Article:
New Trier High School Stomach Flu Outbreak Presumed to Be Norovirus

WINNETKA, Ill. (WBBM)  — About 120 students and staff got sick at New Trier Township High School in Winnetka [MAP/SAT] last week.
    
The high school was thoroughly cleaned last weekend. Door knobs, stairwell railings and other surfaces that are frequently touched were treated with a cleaning agent specifically designated to kill the norovirus.

The common ailment names associated with norovirus are winter vomiting disease, viral gastroenteritis, acute nonbacterial gastroenteritis, food poisoning (incorrectly), and stomach flu.

The disease is usually self-limiting, and characterized by nausea, vomiting, diarrhea, and abdominal pain. General lethargy, weakness, muscle aches, headache, and low-grade fever may occur. Symptoms may persist for several days and may become life-threatening in the young, the elderly, and the immune-compromised if dehydration is ignored or not treated.

Specific diagnosis of Norovirus is routinely made by broadly reactive conventional polymerase chain reaction (PCR) assays from stool samples which more recently were replaced by real-time PCR assays, which give results within a few hours. Furthermore, these assays are very sensitive and can detect concentrations as low as 10 virus particles per assay. Apparently no students or staff submitted samples for the lab to test.

Less technically demanding assays such as ELISA assays based on antibodies against a cocktail of different virus-like particles are commercially available but have been reported to lack both specificity and sensitivity.

Hand washing remains an effective method to reduce the spread of Norovirus pathogens.  Surface sanitizing is recommended in areas where the Norovirus may be present on surfaces. Though isopropyl alcohol has been proven to be an effective sanitizer against other viruses, the CDC recommends using alcohol-based sanitizers in conjunction with hand washing to reduce the spread of Norovirus.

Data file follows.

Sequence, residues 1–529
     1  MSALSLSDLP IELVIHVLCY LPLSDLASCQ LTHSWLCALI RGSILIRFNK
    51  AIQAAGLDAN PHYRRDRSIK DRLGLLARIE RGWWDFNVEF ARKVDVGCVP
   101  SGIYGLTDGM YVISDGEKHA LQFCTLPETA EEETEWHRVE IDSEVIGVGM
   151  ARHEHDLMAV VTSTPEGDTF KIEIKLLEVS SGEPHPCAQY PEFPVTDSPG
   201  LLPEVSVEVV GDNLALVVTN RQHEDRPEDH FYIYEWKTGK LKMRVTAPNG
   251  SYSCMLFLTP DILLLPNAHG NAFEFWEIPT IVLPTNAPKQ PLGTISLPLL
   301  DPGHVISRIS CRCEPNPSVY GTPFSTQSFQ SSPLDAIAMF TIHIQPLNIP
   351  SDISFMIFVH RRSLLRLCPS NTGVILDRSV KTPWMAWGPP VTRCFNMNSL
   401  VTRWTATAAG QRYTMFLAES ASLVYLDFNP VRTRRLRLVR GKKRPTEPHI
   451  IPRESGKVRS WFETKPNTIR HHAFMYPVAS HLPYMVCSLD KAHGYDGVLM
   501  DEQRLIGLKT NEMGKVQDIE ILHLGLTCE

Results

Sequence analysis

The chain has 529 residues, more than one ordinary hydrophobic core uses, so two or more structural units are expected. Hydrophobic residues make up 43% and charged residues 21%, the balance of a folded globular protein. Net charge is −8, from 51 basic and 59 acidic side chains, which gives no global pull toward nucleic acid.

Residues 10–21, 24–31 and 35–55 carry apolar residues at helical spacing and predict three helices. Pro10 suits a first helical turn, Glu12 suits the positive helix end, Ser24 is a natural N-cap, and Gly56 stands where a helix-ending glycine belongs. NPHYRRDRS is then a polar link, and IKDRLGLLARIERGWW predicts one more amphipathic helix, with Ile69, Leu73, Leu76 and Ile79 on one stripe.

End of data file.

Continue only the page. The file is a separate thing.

Norovirus can be aerosolized when those stricken with the illness vomit. Norwalk gastroenteritis is also transmitted by the fecal-oral route from contaminated water and foods. A CDC study of eleven outbreaks in New York State lists the suspected mode of transmission as person-to-person in seven outbreaks, foodborne in two, waterborne in one, and one unknown. The source of waterborne outbreaks may include water from municipal supplies, wells, recreational lakes, swimming pools, and the often overlooked culprit, ice machines.

Shellfish and salad ingredients are the foods most often implicated in Norwalk outbreaks. Ingestion of raw or insufficiently steamed clams and oysters poses a high risk for infection with the Norwalk virus. Foods other than shellfish are contaminated by ill food handlers.

Norovirus is often a problem on cruise ships. In 2002, there were 25 reported outbreaks, with 2,648 passengers becoming ill from the virus. Outbreak investigations by the U.S. Centers for Disease Control and Prevention have shown that transmission among cruise ship passengers is almost wholly person-to-person. Cruise ship water supplies have never been implicated.